Social media data powers today’s data-driven CMO. 

Social media data informs many marketing-related activities, from ensuring that a company’s target audience knows about key products to updating executives about campaign strategy and performance. 

But social media data is just part of the equation. CMOs must process, analyze and assess data from numerous channels – social, mobile and more – to extract useful insights that will translate to improving bottom line business revenue. 

A CMO’s decisions and marketing programs must now be informed by data rather than intuition, past experience, hunches and assumptions. 

The Expanding Data Universe 

The continued expansion of enterprise data is predicted to contain nearly as many digital bits as there are stars in the universe by 2020. Data-driven organizations prioritize collecting the right data — and by right data we mean every piece should address a fundamental business question. 

How does social fit into this data-driven organization? The socially-enabled business adds to the 360-degree view of customers and key audiences by integrating unstructured content that captures consumers’ interests and needs.

Marketers are now allocating more of their budgets to social, mobile and marketing analytics. In five years’ time, social media spending is predicted to account for 24 percent of total marketing budgets, and marketing analytics is expected to grow to 11 percent of the total marketing budget in the next three years. 

Why are analytics tools and services becoming increasingly important? For any data – regardless of its source – to become meaningful and actionable, it has to be analyzed.

In a multichannel, multi-screen and multi-device world, marketers can’t drive loyalty, deliver a seamless consumer experience or engage key audiences based on assumptions. However, marketers still face challenges using these capabilities and proving ROI from investments.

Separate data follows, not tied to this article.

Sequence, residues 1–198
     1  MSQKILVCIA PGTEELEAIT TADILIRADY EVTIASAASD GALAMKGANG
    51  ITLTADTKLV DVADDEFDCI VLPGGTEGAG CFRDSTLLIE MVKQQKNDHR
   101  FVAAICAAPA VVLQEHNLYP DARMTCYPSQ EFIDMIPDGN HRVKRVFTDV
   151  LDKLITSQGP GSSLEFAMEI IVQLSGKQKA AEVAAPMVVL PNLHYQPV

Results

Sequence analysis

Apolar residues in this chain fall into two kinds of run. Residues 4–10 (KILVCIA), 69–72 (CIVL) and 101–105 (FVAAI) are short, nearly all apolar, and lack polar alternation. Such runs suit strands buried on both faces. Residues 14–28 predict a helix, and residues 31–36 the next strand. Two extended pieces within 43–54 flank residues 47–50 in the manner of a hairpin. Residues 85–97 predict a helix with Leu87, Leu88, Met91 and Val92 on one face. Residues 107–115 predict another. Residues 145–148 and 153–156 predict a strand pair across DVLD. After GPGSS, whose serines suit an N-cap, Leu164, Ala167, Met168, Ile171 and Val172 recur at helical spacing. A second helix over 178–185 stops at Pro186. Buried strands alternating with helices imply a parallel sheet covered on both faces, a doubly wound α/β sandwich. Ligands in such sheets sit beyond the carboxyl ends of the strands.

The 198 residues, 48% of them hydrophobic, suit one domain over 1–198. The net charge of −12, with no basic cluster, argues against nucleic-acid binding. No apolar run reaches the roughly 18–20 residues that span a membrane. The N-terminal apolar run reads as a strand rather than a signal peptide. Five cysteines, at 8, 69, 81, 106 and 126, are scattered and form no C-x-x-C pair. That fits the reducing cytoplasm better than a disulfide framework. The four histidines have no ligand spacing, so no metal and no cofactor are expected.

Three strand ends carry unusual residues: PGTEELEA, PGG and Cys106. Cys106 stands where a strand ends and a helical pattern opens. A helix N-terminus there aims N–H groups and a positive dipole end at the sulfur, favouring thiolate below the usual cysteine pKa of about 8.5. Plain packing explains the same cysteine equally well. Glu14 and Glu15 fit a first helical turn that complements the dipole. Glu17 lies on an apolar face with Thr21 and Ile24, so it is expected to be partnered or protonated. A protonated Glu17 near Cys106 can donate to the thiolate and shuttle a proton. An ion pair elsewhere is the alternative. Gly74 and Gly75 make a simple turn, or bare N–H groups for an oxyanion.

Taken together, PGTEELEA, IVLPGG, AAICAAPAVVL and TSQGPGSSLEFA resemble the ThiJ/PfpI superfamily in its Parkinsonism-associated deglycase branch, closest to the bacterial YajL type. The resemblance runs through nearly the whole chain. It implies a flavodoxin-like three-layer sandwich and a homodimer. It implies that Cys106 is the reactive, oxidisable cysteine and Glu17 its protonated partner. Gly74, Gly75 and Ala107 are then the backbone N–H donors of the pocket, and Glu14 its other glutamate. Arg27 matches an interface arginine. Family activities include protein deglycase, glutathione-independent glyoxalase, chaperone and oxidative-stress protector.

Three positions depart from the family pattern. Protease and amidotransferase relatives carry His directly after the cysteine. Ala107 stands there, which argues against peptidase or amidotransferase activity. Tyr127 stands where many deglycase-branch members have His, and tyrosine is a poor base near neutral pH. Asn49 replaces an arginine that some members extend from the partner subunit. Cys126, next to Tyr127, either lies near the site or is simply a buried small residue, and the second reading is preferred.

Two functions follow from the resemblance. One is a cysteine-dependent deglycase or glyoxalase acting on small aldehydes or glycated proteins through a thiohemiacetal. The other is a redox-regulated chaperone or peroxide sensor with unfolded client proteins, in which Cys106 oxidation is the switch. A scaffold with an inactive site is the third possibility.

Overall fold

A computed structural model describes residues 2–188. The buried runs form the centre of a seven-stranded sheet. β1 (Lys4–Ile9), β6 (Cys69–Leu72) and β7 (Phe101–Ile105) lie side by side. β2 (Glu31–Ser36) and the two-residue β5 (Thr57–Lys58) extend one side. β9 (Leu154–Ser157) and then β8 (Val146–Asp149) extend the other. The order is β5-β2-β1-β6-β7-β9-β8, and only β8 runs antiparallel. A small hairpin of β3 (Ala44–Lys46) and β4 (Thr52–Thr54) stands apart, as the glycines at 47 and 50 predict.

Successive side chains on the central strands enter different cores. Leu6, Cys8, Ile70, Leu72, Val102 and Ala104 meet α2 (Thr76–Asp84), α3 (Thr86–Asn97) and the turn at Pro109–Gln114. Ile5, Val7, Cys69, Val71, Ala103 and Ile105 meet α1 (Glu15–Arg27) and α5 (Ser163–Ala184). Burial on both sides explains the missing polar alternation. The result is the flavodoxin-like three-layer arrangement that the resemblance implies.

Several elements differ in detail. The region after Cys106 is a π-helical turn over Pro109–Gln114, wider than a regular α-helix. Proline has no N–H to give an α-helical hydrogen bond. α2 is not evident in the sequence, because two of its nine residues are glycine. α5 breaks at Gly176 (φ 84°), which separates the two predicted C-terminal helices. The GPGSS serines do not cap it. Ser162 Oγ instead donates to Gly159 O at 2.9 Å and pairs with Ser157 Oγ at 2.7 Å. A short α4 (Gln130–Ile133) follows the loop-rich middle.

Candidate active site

According to Duke University’s recent survey of 288 CMOs, just 13 percent of marketers say they can effectively measure social data accurately. Turn that on its head and it means almost 90 percent can’t demonstrate the impact of social media spend on company performance.

A Forbes Insights report (registration required) also revealed that 33 percent of executives are “grappling with a mix of technologies that support data gathering, analytics, insights, programmatic advertising and planning – with little coordination.”

The Never-Ending Quest for ROI

Proving ROI is a never-ending challenge for marketers. Data must directly translate to leads generated, conversions and other business metrics to prove its worth. 

How can marketers prove ROI with social media data/analytics? They must dig deeper. Accurately measuring the billions of social data items and then turning that data overload into useful insights is undeniably tough.

Most social networks provide advertisers with a number of click throughs, views or stats. However, how do marketers determine what someone does once they click on Facebook and arrive on a landing page? How many of those views translate to a site visit, and of those site visits, how many culminate in a purchase?

Marketers must track via code to determine if a customer took a specific action. Did the landing page visit result in a sale? Did the potential customer drop off somewhere within the marketing funnel, and if so, where? Is the wrong content reaching the wrong people, resulting in failed leads? Are the wrong people coming through the marketing funnel?